20. 20. development, it should also leave the liberty to these self-organizing teams to choose how they plan and track. This means the organization as a whole will have to provide operating environments in which continuously help to remove the impediments that hinder teams executing their project (using a Scrum framework, but also the more classic waterfall frameworks). Furthermore, currently the planned benefit (value) that projects will deliver is often not properly measured or followed through. However, in an environment of continuous improvement and of frequent re-ordering of priority, management of value during the execution phase will increase in importance.■ On the Tools/Solutions side: a demand for BYO (Bring Your Own) Devices. An increasing number of employees in every organizations have purchased their own ICT device such as a personal netbook, smartphone, tablet, etcetera, because this device fits their needs better than the devices offered by their own organization. Although this may seems trivial in the area of PPM, we note the first PPM Solution vendors offering access to (part of) their solution through tablet, smartphone, and so on. This trend supports (and is supported by) another ‘continuing’ trend: SaaS or zero-client applications, and apps that support very personal productivity needs, so that personal devices can still ‘contribute to’ enterprise-level management information. With regard to communication: a demand for Collaborative Communication and Document Sharing, replacing e-mail and attachments. In the coming years, as total change budgets are expected to remain rather flat, it is key to optimize which initiatives to fund and which to discard. Within departmental portfolios, we see rebalancing of funds between projects. However, in order to optimize even further, departmental portfolios will increasingly be an integral part of the organizational (corporate) portfolio. This means a multi-level, integrated portfolio management, and will therefore also necessitate proper departmental and corporate portfolio management, in addition to a solution that supports these management activities.The above, in our opinion, will have the following impacts on PPM/PMO processes and tools:■ Organizations will continue to focus on implementing PPM tool support as “vanilla” as possible. This means they are willing to adapt their processes to a certain extent to the standard possibilities which a tool offers. Processes supported include pure planning and tracking purposes both in a very detailed and a very high-level manner, so that Scrum teams can still participate in the tooling ecosystem. Data ‘related’ to the PPM processes, like HR, Finance, and so on, will be managed only in the respective tools that support those functions (HR applications, Finance & Accounting systems, and so on). Organizations will move away from an approach in which the PPM solution is highly customized to be able to deal with this data. Organizations will rather ‘integrate’ the data collected in the PPM tool with data collected in non-PPM tools by means of business intelligence (BI) solutions. With the reporting out of these BI solutions, useful ‘integrated views’ can be produced.■ Secondly we expect to see more PPM processes (and tools) that deal with Project and Service Portfolio Management. After all, resources (infrastructure, financial, and human) are allocated to both projects and services, so they need to be managed as one ecosystem.■ Finally, organizations looking at “the cost of PPM” realize that PPM and PMOs have become a necessary investment, which is returning not only qualitative benefits, but also quantitative. They also realize they can further improve or rationalize the organization (e.g. find synergies, centralize), people competences (e.g., coach on data quality, and proper use of process and tooling), the tooling (e.g. keep the tooling useful, use only what you need), and processes (straight-through processing of project-based information with less manual intervention, and ‘good enough’ processes). These investments in improvement, while reducing overall cost, will even increase the benefits, as the capability increases to actually manage project portfolios, and not just ‘look at’ project portfolios. PPM and PMO in the current market 18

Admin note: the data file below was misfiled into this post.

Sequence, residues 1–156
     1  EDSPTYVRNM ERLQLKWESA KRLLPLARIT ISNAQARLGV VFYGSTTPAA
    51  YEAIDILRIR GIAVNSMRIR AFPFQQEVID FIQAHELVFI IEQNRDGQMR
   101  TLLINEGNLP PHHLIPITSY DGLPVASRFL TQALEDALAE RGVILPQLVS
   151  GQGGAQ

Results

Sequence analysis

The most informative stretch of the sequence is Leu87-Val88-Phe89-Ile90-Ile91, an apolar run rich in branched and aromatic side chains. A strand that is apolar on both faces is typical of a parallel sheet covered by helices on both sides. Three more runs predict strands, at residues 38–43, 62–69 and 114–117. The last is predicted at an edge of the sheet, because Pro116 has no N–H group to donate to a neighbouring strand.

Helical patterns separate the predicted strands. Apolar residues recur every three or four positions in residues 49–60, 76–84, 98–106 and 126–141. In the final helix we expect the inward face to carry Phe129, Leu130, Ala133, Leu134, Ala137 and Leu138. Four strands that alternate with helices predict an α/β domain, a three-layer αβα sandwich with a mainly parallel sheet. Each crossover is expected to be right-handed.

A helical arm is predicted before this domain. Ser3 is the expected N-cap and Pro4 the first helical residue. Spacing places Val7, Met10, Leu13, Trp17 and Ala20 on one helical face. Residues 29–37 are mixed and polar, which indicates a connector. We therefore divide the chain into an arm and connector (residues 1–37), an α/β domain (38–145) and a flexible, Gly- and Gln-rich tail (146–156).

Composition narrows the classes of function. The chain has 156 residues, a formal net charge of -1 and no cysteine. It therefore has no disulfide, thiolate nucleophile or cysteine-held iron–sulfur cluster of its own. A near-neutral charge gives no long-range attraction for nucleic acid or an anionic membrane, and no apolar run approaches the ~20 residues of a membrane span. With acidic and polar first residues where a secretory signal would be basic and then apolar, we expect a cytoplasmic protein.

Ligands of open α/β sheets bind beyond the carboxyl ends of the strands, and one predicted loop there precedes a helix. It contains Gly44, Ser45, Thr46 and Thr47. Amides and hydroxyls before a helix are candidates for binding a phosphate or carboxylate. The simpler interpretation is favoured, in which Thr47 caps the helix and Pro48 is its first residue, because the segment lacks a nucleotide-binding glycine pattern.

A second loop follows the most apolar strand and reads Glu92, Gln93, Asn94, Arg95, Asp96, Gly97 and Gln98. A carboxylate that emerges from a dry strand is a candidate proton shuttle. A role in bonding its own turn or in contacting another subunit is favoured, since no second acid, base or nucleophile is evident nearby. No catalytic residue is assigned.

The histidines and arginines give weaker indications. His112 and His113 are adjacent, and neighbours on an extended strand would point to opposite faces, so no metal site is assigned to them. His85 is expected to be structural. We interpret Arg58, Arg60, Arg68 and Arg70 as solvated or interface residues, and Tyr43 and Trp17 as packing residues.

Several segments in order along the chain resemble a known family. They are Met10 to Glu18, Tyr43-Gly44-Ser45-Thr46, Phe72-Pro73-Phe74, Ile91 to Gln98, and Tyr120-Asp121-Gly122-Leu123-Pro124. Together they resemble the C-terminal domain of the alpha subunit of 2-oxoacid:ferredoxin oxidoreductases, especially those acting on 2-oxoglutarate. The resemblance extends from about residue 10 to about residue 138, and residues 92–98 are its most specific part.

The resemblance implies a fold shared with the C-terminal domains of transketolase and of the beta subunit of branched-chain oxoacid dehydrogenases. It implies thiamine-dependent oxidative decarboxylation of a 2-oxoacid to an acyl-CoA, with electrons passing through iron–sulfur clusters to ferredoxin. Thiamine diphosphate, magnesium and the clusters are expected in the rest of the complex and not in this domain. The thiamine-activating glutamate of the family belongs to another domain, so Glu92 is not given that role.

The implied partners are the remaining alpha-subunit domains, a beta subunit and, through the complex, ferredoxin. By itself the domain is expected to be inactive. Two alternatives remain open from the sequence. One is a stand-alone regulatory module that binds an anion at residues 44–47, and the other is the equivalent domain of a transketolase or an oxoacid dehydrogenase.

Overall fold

21. 21. Final ConclusionIn line with our surveys and research of the past, this survey again indicates that PMOs and PPMSolutions are important, although not the most important part in improving the project-basedorganization.A holistic, balanced approach to a step-by-step but simultaneous improvement of People /Organization / Process / Tools (all in support of the Business Strategy) is still the most likely toyield positive results in project-based organizations. PPM and PMO in the current market 19